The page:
Using buoyant mass to measure the growth of single cells

Department of Biological Engineering, Massachusetts Institute of Technology, Cambridge, USA.
Nature Methods (Impact Factor: 25.95). 04/2010; 7(5):387-90. DOI: 10.1038/nmeth.1452
Source: PubMed

ABSTRACT We used a suspended microchannel resonator (SMR) combined with picoliter-scale microfluidic control to measure buoyant mass and determine the 'instantaneous' growth rates of individual cells. The SMR measures mass with femtogram precision, allowing rapid determination of the growth rate in a fraction of a complete cell cycle. We found that for individual cells of Bacillus subtilis, Escherichia coli, Saccharomyces cerevisiae and mouse lymphoblasts, heavier cells grew faster than lighter cells.

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Available from: Alan D Grossman, Feb 03, 2014
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    • "In dynamic mode, trampoline resonators can monitor mass changes during cell growth and division [3]; hollow cantilevers with embedded nanochannels can quantify cell growth by measuring the buoyant mass [4]. Toward developing very high frequency (VHF) resonators that are easy to fabricate yet high performance in biofluids, very limited types of devices have been explored, because the cell-living environment imposes not only significant mass loading (much lower frequency and smaller signal) and viscous damping (much lower quality (Q) factor), but also great challenges on choosing material (chemically inert and biocompatible), designing robust resonating structure, and finding actuation/detection scheme that is compatible with conductive biosolutions while reasonably minimizing structure complexity. "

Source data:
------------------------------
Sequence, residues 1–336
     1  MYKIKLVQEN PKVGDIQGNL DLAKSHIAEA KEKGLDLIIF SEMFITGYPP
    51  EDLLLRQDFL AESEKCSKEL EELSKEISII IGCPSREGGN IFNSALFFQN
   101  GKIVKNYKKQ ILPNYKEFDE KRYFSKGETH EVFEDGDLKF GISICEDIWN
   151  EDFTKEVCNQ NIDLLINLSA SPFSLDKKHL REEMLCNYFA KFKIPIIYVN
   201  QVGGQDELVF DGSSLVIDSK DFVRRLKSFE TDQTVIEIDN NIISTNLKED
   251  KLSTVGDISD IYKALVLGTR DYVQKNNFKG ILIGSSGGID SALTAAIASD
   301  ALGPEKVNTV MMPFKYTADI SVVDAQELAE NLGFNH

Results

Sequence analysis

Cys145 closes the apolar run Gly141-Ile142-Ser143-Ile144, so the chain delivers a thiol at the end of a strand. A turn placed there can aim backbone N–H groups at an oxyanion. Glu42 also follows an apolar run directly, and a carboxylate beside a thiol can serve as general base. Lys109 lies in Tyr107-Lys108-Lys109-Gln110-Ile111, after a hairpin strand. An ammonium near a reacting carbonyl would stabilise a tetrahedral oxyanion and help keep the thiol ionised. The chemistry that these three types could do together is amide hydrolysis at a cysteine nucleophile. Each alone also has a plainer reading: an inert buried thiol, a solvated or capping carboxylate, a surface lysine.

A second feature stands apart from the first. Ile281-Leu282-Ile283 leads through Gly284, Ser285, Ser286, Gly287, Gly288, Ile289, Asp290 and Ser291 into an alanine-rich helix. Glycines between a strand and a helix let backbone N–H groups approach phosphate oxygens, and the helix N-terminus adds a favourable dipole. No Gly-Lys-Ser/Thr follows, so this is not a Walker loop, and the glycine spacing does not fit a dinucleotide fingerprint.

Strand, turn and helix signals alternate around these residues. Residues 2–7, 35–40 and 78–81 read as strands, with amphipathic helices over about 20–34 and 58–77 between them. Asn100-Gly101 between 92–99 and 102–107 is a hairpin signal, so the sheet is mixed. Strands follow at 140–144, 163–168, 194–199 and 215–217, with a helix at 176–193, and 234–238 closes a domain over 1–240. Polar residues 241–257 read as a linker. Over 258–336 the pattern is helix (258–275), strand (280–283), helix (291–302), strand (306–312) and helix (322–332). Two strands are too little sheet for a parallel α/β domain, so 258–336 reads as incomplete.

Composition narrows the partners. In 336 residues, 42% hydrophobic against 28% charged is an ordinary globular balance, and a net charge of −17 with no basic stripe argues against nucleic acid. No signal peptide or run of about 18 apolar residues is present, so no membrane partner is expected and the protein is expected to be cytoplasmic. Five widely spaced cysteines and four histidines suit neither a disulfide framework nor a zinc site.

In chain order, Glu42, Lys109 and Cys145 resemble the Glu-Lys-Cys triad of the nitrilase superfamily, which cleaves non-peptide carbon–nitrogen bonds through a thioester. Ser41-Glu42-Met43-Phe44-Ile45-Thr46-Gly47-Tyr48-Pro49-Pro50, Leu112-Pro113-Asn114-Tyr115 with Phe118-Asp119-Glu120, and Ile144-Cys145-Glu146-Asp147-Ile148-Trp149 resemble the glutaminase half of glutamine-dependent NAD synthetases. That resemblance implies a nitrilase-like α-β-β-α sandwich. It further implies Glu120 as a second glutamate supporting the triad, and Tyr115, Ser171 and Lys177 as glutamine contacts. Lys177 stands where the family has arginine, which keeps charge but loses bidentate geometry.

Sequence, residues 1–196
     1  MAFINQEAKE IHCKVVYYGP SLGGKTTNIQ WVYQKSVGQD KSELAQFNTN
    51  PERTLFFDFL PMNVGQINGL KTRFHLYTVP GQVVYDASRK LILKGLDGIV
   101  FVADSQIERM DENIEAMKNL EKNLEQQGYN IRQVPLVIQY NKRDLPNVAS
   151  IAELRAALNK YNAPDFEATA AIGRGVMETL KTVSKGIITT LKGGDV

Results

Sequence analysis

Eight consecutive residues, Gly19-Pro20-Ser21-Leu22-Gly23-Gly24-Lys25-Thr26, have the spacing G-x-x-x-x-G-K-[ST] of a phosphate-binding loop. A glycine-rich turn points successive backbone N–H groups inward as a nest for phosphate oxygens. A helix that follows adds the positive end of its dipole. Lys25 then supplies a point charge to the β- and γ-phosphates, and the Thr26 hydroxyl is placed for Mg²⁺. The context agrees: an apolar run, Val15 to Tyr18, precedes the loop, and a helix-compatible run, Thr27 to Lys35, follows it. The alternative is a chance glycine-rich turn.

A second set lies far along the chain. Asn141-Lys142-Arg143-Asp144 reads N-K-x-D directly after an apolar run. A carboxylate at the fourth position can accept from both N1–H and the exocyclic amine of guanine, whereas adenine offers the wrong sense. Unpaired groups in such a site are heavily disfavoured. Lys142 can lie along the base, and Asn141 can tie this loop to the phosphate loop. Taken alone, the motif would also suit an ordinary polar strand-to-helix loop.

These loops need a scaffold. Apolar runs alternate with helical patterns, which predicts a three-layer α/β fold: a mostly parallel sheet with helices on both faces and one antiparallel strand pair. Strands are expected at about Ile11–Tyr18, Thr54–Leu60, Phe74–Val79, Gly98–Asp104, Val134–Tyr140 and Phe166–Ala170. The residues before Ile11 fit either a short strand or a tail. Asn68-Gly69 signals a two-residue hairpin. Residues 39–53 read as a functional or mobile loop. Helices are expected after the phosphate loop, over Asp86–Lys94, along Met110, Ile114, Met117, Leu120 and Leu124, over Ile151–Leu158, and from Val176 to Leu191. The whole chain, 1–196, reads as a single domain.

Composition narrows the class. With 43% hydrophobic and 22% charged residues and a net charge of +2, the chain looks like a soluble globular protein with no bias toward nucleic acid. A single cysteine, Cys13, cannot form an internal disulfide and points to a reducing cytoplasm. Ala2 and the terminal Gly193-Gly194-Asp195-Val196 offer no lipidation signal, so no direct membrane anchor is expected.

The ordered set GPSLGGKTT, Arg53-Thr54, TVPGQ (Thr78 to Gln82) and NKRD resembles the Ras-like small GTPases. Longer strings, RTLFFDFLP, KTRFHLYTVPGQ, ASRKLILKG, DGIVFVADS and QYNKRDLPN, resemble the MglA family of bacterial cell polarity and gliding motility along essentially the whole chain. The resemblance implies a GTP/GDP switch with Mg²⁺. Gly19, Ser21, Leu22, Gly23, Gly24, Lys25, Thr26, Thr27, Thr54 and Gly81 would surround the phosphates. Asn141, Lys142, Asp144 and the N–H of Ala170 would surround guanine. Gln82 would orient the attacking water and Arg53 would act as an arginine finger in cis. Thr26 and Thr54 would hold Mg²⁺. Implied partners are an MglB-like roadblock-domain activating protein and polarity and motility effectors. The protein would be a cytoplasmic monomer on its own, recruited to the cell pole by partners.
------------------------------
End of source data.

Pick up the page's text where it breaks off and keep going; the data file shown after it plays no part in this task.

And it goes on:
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    • "However, the nature of any size-adjusting mechanism that would drive this size-asymmetry detection and correction mechanism remains elusive. It is not known whether, for example, it would relate to cell volume (Tzur et al., 2009), mass (Park et al., 2010; Sung et al., 2013), or density (Godin et al., 2010; Grover et al., 2011; Son et al., 2012). "
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    • "Furthermore, the size dependency of cell growth was studied using the SPM measurements and the Collins-Richmond model [67], [68]. For all three cell types presented, the growth rate was found to be increasing as the cell mass increased, following the exponential growth model of cell growth [68], [69]. These results suggest the existence of a size-regulator that controls the cell cycle in the process of cell growth. "
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